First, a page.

You’ve got to remember with this question, there are trade-offs in life. We have no debt, no mortgage, no rent and no utilities to pay. We budget $600/month on gas and $200/month on RV parking. Those two expenses combined would be VERY cheap rent for 2 people anywhere and again, no utilities, NO DEBT. We do pay quite a bit for the internet and our phones, $250 combined, and health insurance definitely isn’t cheap, but necessary. Past that it is just beer and food! Lots of beer. And lots of food. Keeps us fat and happy.

Q: Who drives the most?
A: Brian does 99% of the driving usually while Maria is sitting shotgun working away on her computer with Buddha nestled in between us on his pile of three dog beds 🙂

Q: How do the dog(s) like it?
A: When we first hit the road we had two dogs and they both loved the road for different reasons. Boon docking and camping in desolate places allowed Ernie the freedom to roam around off leash and keep an eye out for his vulnerable humans.

Buddha enjoys getting to meet all the new people we meet on the road and cute them into belly and head scratches. We also discovered that he loves to swim since hitting the road and take every opportunity to get him in the water. (video of swimming)

Q: How many breweries have you been to?
A: We visited our 600th brewery since hitting the road in December of 2017. Our brewery visits have slowed down a bit in recent years as we were averaging about 100 a year the first couple of years. You can seen an up to date list of the breweries we’ve visited here: The Roaming Pint’s Official Brewery List

You can find us on the beer tracking app Untappd as: TheRoamingPint

Q: Have you been everywhere?
A: Nope, not even close! While we have been on the road for 7 + years we tend to visit our favorite areas again and again. We have been to 42 state and 2 Canadian Provinces in our RV’s. We have been up and down the East and West coast but still haven’t been to number of state sin the upper midwest (Michigan, Ohio, Indians, Illinois, and the Dakotas).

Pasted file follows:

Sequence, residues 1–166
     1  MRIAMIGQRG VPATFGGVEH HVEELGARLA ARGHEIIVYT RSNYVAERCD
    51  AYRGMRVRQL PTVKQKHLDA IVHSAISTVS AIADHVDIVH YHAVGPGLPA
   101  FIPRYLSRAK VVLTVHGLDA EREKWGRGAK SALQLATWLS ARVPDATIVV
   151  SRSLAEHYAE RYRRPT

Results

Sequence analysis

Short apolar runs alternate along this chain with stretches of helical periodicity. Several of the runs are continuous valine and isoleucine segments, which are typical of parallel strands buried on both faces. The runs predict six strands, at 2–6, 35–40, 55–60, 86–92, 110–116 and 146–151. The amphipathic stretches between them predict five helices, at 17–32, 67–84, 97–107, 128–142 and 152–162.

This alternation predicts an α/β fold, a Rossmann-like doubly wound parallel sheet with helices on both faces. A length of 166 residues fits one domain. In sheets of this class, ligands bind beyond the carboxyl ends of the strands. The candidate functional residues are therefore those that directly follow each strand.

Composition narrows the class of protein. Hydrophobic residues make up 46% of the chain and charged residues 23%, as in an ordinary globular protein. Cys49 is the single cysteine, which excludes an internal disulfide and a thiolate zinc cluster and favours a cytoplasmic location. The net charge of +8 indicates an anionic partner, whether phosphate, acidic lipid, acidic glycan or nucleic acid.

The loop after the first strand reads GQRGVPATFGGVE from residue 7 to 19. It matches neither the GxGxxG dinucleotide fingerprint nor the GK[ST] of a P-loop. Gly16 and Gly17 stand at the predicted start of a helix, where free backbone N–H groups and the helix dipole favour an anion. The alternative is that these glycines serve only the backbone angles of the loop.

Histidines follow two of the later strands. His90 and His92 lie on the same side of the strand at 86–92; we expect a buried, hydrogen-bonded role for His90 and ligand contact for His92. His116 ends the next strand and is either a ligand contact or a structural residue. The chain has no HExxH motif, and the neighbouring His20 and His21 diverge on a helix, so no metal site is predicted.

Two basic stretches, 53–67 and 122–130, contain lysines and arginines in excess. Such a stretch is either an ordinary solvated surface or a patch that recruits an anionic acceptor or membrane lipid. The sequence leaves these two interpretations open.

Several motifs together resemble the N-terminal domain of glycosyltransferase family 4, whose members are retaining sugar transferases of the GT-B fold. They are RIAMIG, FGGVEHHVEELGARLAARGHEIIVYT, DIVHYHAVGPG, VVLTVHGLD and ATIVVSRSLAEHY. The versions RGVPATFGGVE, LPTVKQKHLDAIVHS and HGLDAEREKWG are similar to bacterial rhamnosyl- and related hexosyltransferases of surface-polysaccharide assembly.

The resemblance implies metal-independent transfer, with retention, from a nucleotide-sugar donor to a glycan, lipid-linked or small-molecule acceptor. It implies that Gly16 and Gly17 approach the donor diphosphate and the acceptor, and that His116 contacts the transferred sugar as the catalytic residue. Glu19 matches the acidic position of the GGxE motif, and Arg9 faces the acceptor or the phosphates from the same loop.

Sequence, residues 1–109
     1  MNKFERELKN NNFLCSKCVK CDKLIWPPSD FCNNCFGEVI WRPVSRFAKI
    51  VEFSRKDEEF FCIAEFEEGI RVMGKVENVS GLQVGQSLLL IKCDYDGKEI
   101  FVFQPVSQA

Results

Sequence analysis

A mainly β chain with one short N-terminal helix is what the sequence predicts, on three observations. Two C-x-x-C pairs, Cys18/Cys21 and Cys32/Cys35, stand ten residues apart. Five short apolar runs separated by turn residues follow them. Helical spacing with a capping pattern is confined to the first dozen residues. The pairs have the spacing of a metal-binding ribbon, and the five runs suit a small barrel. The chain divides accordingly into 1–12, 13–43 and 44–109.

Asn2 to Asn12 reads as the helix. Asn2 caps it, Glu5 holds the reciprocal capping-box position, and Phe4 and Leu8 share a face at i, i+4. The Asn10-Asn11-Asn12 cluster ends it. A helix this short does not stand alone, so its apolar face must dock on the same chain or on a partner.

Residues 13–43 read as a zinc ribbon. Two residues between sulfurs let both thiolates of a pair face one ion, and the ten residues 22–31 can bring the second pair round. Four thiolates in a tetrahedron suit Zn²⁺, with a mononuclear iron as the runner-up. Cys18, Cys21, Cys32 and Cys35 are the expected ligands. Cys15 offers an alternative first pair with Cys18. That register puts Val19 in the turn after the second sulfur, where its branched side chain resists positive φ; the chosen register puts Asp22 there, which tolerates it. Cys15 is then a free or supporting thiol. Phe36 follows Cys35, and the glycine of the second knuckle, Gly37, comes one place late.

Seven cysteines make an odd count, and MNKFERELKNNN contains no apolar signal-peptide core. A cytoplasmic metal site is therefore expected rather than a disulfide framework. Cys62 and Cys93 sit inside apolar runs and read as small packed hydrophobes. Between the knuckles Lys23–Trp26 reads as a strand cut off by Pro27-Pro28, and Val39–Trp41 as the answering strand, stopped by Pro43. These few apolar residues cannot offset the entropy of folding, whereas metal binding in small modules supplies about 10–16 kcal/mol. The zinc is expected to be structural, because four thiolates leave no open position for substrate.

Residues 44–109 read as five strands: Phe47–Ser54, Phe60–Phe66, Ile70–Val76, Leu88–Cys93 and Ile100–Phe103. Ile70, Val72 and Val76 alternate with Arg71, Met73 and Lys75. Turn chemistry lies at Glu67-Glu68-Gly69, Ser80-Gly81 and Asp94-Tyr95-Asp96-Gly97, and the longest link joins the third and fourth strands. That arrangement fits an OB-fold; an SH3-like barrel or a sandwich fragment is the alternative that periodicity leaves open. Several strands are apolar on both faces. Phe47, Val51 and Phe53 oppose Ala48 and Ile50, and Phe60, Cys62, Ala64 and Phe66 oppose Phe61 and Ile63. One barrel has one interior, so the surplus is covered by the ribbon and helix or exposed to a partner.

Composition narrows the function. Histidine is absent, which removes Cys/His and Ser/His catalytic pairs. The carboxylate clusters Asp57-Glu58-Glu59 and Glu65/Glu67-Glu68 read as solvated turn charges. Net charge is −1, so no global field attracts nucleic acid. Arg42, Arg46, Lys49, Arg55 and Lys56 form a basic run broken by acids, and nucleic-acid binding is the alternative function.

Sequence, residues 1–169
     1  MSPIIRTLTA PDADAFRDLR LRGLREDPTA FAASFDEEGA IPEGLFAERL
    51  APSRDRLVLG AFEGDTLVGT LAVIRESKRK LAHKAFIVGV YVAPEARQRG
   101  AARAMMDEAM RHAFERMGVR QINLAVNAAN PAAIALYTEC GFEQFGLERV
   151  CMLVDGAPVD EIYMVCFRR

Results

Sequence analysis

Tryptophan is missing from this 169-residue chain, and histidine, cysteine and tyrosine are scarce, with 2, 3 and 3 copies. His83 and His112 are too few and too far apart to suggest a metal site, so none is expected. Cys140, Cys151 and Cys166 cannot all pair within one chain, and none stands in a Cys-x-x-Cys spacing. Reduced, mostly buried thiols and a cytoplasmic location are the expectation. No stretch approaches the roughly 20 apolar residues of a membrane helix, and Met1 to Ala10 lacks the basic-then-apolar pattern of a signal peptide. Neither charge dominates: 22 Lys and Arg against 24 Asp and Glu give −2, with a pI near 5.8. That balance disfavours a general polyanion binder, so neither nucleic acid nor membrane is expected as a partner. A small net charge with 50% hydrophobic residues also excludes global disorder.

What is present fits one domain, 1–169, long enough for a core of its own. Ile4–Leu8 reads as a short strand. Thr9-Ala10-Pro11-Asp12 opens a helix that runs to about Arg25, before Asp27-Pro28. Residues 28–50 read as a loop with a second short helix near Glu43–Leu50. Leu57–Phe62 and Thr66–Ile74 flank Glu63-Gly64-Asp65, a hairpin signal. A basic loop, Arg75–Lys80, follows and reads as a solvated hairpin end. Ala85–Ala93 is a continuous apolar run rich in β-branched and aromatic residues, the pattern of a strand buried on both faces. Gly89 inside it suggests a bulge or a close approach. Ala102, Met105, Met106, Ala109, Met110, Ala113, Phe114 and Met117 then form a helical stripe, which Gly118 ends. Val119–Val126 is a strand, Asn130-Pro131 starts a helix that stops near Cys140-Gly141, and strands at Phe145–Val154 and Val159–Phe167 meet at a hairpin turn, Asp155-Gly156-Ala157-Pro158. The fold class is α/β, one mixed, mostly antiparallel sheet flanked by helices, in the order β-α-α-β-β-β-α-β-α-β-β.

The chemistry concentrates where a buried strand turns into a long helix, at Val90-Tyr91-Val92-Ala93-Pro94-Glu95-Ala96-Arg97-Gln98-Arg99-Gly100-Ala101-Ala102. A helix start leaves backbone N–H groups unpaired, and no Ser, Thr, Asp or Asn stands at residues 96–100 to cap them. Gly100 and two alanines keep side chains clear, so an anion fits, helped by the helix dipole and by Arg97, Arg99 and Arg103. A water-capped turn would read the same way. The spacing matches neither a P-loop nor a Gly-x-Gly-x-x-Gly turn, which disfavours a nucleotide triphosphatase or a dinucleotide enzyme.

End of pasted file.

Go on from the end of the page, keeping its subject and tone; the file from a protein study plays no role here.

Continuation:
Q: Do you ever miss stationary life?
A: Not really. There are certain aspects of having a continual community to bond with that we miss (ie our friends back home), but the longer we travel the more communities we get to enjoy. We now have friends and groups of friends all over the country.

If there is one thing we miss that we can’t easily do on the road it would be intramural recreation. Some of our favorite moments form stationary life are playing a double header of softball early on a Sunday and tailgating in the parking lot after until the sun goes down.

Q: It must be rough being crammed into that RV all day.
A: That’s not a question, but I’ll et it slide. The space may be limited but our front yard is expansive and ever changing.  While we do spend a lot of time inside the RV during our work days, we also get out quite a bit and have soem of the best work views you can find. Taking a conference call while walking Buddha through a park, looking at the ocean while writing an email, and creating a wireframe document while visiting a brewery are all things we get to enjoy.